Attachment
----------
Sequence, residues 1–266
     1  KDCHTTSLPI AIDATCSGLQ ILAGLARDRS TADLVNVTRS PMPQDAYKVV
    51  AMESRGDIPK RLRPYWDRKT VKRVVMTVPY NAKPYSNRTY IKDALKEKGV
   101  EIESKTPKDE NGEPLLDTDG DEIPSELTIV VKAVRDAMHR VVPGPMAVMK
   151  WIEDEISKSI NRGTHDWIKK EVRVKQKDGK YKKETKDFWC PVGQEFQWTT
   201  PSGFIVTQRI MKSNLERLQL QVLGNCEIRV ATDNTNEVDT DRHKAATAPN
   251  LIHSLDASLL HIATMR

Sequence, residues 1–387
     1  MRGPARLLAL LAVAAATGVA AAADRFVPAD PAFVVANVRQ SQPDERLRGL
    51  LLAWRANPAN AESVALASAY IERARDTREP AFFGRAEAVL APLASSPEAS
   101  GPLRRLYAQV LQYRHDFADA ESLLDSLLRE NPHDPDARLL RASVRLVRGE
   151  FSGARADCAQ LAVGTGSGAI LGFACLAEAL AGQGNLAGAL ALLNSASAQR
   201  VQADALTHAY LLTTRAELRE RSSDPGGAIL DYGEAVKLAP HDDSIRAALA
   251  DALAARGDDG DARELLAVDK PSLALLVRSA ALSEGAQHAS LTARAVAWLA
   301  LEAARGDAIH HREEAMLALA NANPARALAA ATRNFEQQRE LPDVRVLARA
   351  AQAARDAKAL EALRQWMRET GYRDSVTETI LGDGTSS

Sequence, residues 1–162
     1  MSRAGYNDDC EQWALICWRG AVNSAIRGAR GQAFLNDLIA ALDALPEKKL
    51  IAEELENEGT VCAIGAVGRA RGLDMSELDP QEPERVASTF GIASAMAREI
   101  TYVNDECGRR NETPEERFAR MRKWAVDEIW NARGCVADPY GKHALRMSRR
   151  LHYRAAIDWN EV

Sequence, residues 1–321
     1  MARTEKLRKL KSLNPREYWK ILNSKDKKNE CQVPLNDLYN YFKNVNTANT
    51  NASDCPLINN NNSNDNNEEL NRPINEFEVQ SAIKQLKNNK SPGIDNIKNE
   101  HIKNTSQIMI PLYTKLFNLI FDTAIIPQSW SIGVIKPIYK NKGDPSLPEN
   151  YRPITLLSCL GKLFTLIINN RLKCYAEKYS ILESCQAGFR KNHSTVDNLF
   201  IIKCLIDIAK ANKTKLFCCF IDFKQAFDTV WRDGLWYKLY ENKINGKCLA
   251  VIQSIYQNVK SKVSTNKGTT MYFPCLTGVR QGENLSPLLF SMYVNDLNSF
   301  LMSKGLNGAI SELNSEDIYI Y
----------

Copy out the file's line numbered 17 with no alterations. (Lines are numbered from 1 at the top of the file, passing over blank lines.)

Sequence, residues 1–162